Sunday, March 30, 2008

I Killed Albini With My Big Fucking Dick


Displaying the usual teenage penchant for useless gestures, I actually called Steve Albini's home phone once. Albini used to write a regular column back in the early 80's for Matter, a really bad glossy 'zine outta Chicago that must've paid writers a little bit of money, because occasionally top-notch guys like Gerard Cosloy and Byron Coley would contribute. Albini's column was called "Tired of Ugly Fat?", and sometimes he'd give out his phone number, probably because he had no real reason to give a shit.

Anyway, Albini slagged "Let It Be" (which would place this around '84), and since the Replacements were my favorite band at the time, I called the number-- as if I actually had a chance to get him on the phone and have a discussion or something. Really, the only interesting thing that happened was I got to hear Albini's answering machine message, which went, "How can you tell how many Hitlers are in the room? Count the number of balls, and divide by one!"-- I swear to God. I mumbled something stupid about how I thought he was a jerk, leaving my own number to show that I wasn't a pussy, and hung up.

Since I disliked Albini as a writer before I ever heard Big Black as a band, it took some really awesome records to sway me back to the other side, and "Atomizer" and "Racer-X" were those records. I did get to see Big Black once before they broke up, at CBGB's in 1986 (?), a show which also featured Killdozer (who were totally killer at the time), Pussy Galore, and Happy Flowers. I didn't even bother trying to talk to Steve after the show, though I did talk to Dave Riley a little. The crowd all went off in the other direction, leaving Dave sitting by himself on the edge of the CB's stage, drinking a can of Bud. Dave was feeling a bit prickly, and made some sarcastic comments to the effect of, "I just do whatever Steve tells me to do, we're all just here to do what Steve wants." It was an obvious sign that Big Black wasn't going to be together much longer, which was really just as well. To me, Albini's disturbed/gross-out type of subject matter had a creepier edge when Big Black was just a small-time project out of Albini's apartment, or whatever; once Big Black got huge and were playing in front of tons of fist-pumping college dopes, it all became too cartoonish and silly.

Not that it didn't stop Albini from sounding the death knell for one of my other favorite bands, Scratch Acid, by stealing their rhythm section for his next band, Rapeman-- although at least they were rock, y'know? Fuck this faux-new wave drum machine shit.

Onto the records; all of them at once, since I don't feel like writing three separate Big Black posts:




This was released in tandem with the "Headache" 12-inch, which I found kinda boring, so I slagged the two of them together in the first issue of Brushback when they first came out ("Doesn't suck by any means, but I can't wait for them to break up now. Jerry-rigged 'collector's items' suck shit, too"). I admitted to liking "Things To Do Today", and that was about it. Man, I can be a dumbfuck sometimes.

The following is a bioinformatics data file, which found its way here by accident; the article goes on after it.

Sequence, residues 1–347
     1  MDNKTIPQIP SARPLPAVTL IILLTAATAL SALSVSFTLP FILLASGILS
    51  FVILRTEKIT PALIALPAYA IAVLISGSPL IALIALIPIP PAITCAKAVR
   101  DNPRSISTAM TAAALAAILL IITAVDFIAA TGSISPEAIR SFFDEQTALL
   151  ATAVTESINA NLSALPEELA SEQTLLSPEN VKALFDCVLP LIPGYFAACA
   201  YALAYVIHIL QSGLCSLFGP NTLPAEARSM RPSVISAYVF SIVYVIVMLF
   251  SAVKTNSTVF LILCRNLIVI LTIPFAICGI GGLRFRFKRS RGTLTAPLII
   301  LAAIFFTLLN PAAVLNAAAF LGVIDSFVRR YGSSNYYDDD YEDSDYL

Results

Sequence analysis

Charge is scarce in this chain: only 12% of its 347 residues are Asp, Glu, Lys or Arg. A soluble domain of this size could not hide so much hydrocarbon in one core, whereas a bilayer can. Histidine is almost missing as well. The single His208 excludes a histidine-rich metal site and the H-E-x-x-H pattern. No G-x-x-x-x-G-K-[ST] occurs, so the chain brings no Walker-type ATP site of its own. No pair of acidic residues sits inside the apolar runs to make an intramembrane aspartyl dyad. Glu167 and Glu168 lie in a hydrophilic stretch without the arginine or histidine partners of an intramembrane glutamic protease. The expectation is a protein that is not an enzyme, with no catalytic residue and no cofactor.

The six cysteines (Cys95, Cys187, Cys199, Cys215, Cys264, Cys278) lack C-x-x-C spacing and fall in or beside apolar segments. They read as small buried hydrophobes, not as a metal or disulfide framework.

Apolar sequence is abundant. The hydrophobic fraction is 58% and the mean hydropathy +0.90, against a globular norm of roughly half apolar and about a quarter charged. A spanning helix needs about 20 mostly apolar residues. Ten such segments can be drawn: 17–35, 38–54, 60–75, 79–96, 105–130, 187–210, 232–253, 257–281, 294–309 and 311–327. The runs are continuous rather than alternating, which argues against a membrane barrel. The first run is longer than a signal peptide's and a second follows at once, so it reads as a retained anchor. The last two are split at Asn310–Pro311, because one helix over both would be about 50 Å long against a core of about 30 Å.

The sayings on the back of the sleeve are a reference to Dr. Bronner's All-One-God-Faith soap; if you don't know what that is, you should really go to a hippie health food store and read the label on a bottle sometime, it's a riot.




Big Black -

"Heartbeat" (crackly!)

"Things To Do Today"

"I Can't Believe"

(these files are now listen-only)





click for enlarged view

At the time, it seemed weird to me that Albini would like Cheap Trick, but they're both from Chicago so I guess it makes sense. This single was my first clue that Albini had more up his sleeve than just acting all dark and scary, and that he actually had a sense of humor-- slight as it might have been. A couple of years later Albini was covering ZZ Top and talking about how great their first three records were, while producing records for the Pixies and eventually Bush and Nirvana. I think it woulda been better had he stopped at Cheap Trick, but what do I know.

The effort they put into the picture sleeve is awesome; it kills me how much they actually look like Cheap Trick. Albini's vocal on "He's A Whore" is a total rip-off of Steve Björklund, too. As for the Kraftwerk cover, who woulda guessed that Big Black would be into Kraftwerk? I mean, that's a stretch.


click for enlarged view

Big Black -

"He's A Whore"

"The Model"

(these files are now listen-only)


click for enlarged view



click for enlarged view

This one's not the original version that came out on Homestead in '85, but the Touch and Go re-press from '92. This was the first Big Black record that I remember liking, and I still think it's one of the all-time great 80's singles.

The picture sleeve to the Homestead pressing baffled me a bit when I first bought it, as it was a thin, glossy paper sleeve, and the other Homestead singles that I was buying at the time (as well as the ones on Ace of Hearts, etc) all had thicker paperboard sleeves. I think I figured that flimsy glossy sleeves were better left to the Huey Lewis 45s that were sold at the mall.